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December 7, 2021

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Valley residents get chance to protect the Las Vegas Wash


April 30 - May 1, 2005

Ancient animal bones and two rare plants discovered in the Las Vegas Valley are bringing federal, state and local agencies together in an effort to preserve them while urban growth continues to explode nearby.

Researchers surveying the land known as the Upper Las Vegas Wash for a new Nevada Power Company transmission line found emerging from an ancient lake bed a nearly complete fossil record dating back 190,000 years.

The 22,000 acres cupping the northern edge of Las Vegas on Bureau of Land Management land include about 5,000 acres that could be sold at auction to developers later this year.

First, however, officials and the public will have a chance to assess the hidden treasures and decide the best way to protect them.

Archaeologists, biologists and botanists have surveyed a 10-mile swath of land north of Las Vegas and North Las Vegas that contains fossil fragments of mammoths, horses and camels that roamed Southern Nevada 11,000 years ago.

Two rare plants endemic to the area were also discovered: the Las Vegas bearpoppy and the Las Vegas buckwheat.

Those finds and other signs of past lives were exposed at 438 sites explored by Eric Scott, curator of paleontology at the San Bernadino County Museum in Redlands, Calif., and a team of experts.

"It seems we have so little left in this valley worth preserving," Scott said during a December 2004 tour of the team's findings.

In addition to an environmental assessment, the experts and the public will gather enough information for writing a Conservation Strategy Agreement that will allow some development without trashing the treasures, Bureau of Land Management spokeswoman Kirsten Cannon said.

The process will also lead to an environmental assessment of the area.

Monthly meetings of 13 task groups will be scheduled through July, Cannon said. The task groups allow experts and the public to share information on fossil preservation, resource protection, environmental education and recreation and developmental needs of the area.

The first meeting is scheduled from 4 p.m. to 8 p.m. on May 31 at the Bureau of Land Management conference room, 4701 N. Torrey Pines Drive. All meetings are open to the public.

People interested in becoming involved can call Cannon at 515-5057 to join one of the task groups covering such topics as Native American interests, conservation or education.

An Upper Las Vegas Wash Working Group composed of the task groups was formed to inform the Bureau of Land Management about all of the diverse interests concerning the fossil-rich area, Cannon said.

The goals of the working groups and the city of North Las Vegas parcel for sale must mesh in the end, preserving and protecting sensitive habitat and species while allowing nearby development.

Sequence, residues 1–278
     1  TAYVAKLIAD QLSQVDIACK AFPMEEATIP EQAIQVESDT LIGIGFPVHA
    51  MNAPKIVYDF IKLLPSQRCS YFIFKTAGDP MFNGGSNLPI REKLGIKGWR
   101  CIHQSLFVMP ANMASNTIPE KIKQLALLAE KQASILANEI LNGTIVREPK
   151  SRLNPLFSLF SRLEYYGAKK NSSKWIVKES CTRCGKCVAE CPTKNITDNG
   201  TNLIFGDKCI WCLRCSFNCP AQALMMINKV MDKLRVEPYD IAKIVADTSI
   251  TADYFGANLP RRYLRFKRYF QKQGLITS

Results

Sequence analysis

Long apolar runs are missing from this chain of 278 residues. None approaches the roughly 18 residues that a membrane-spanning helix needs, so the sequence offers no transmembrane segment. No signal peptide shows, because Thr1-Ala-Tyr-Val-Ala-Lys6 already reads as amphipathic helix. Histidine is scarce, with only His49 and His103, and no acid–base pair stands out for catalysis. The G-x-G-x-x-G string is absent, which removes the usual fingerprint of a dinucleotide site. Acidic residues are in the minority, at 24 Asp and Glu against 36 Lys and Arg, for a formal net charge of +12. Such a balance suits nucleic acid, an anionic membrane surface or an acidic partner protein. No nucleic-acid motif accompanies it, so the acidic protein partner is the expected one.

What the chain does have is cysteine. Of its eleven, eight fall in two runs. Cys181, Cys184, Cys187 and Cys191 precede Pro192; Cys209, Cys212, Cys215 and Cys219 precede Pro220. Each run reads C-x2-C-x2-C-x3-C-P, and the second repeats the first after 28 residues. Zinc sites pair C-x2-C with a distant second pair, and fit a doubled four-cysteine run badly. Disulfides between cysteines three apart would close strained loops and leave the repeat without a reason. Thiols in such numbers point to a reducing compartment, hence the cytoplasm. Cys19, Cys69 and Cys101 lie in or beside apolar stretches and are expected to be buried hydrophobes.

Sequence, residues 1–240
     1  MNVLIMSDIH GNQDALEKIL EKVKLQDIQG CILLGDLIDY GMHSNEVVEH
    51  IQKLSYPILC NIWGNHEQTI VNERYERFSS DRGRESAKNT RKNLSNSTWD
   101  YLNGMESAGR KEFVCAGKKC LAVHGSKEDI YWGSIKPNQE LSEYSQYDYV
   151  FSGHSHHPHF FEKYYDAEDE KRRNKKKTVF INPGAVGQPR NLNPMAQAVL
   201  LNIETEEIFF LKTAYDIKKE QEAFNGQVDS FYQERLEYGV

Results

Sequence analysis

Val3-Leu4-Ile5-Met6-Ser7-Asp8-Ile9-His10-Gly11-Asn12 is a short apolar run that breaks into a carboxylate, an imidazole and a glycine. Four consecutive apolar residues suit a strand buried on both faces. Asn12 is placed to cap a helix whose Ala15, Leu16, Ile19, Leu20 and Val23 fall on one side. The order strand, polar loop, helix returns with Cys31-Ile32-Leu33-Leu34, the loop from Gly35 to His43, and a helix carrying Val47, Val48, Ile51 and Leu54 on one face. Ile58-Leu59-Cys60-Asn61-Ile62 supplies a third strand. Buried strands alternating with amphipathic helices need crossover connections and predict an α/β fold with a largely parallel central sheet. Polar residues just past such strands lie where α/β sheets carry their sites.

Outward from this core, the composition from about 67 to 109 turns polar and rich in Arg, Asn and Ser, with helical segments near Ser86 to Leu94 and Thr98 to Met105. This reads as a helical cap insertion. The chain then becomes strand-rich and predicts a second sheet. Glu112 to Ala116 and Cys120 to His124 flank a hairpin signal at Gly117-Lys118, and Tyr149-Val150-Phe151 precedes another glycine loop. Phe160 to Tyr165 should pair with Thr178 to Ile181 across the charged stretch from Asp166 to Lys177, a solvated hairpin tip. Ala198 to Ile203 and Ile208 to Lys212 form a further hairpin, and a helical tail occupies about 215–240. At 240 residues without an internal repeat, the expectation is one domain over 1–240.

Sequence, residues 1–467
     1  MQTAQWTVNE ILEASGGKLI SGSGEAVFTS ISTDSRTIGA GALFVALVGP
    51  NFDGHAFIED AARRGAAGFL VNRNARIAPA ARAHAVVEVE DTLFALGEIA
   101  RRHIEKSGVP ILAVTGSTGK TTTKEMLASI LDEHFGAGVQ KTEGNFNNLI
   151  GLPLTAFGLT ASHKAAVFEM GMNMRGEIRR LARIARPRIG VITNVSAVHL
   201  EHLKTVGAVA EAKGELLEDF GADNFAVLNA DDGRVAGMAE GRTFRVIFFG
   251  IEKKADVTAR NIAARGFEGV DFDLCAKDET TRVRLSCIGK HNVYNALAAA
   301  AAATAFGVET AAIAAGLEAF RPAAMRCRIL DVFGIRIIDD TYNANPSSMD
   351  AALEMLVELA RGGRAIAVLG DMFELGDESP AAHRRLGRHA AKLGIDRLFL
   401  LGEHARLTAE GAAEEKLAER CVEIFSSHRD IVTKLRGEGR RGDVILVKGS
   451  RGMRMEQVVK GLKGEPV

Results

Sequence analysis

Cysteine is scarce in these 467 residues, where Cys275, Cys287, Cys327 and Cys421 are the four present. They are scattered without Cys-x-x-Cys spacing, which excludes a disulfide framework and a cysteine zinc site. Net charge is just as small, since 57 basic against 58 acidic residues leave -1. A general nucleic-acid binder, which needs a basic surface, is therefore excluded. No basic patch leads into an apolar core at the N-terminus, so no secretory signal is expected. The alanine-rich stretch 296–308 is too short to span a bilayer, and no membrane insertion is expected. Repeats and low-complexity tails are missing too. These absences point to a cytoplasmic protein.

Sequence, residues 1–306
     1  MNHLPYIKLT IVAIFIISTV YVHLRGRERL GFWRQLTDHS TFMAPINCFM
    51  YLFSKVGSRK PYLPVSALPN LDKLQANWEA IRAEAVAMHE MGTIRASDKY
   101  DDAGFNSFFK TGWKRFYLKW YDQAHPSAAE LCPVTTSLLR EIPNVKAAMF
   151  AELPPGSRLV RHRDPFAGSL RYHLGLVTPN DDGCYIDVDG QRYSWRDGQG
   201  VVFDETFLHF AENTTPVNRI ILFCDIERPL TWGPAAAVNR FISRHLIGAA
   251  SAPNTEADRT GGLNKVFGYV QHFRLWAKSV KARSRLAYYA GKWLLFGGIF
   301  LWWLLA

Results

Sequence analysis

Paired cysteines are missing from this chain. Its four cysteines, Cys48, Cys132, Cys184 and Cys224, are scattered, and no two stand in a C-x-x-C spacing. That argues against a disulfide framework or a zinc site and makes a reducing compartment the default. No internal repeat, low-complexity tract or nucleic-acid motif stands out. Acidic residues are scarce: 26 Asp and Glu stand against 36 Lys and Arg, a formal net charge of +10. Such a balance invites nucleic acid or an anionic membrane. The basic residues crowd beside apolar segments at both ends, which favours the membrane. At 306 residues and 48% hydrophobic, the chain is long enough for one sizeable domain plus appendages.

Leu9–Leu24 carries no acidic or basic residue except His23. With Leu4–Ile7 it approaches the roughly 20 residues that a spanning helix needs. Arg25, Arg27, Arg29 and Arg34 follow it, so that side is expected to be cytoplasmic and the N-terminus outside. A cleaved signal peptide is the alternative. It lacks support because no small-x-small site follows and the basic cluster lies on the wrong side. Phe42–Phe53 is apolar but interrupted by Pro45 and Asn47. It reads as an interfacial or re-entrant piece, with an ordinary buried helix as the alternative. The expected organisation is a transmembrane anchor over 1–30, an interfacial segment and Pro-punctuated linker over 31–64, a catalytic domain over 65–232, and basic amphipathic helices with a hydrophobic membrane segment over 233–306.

After July the BLM will draft an environmental assessment for more public comments in August.

The Conservation Strategy Agreement will be open for public comment for 30 days, Cannon said.

The BLM has identified 5,000 to 8,000 acres of particular concern in the Upper Las Vegas Wash.

The area of concern includes Tule Springs, a 980-acre site where Columbian mammoths, camels, bisons and horses were found in the 1960s.

Of the 438 new "significant" fossil sites discovered, 200 of them contain mammoth bones.

BLM archaeologist Stan Rolf said that the proposed conservation area is considered one of the richest ancient geological sites west of the Mississippi River.

In 1962 one of the largest archaeological digs in the world occurred in the area to determine if early man emerged from the fossil bones found in the wash. Known as "The Big Dig," scientists from UCLA invented Carbon-14 dating during the 9-month fossil hunt.

However no human evidence was discovered during that dig 43 years ago.

The research did help put the Tule Springs site on the National Registry of Historic Places.

The two rare, living plants occupy a habitat scientists describe as "badlands" on an old lake site known as the Las Vegas Formation. Their habitat must be preserved.

The Las Vegas buckwheat is a rare plant that thrives in such an inhospitable environment.

Researcher James Reveal has proved through DNA testing that the Las Vegas buckwheat is unique.

The Las Vegas bearpoppy is already listed on a multispecies habitat conservation plan drawn up in the 1990s after the Mojave Desert tortoise was listed as endangered.

The poppy is considered a sensitive species by the BLM and "critically endangered" by the state.

The bearpoppy cannot be grown from seed, but scientists are studying other ways to preserve it.

The Las Vegas buckwheat, however, is not covered by the county's conservation plan.

The buckwheat has been proposed as critically endangered, since it was not known to exist until the northern valley survey was completed. There are three known populations of the plant and fewer than 8,000 individual shrubs exist.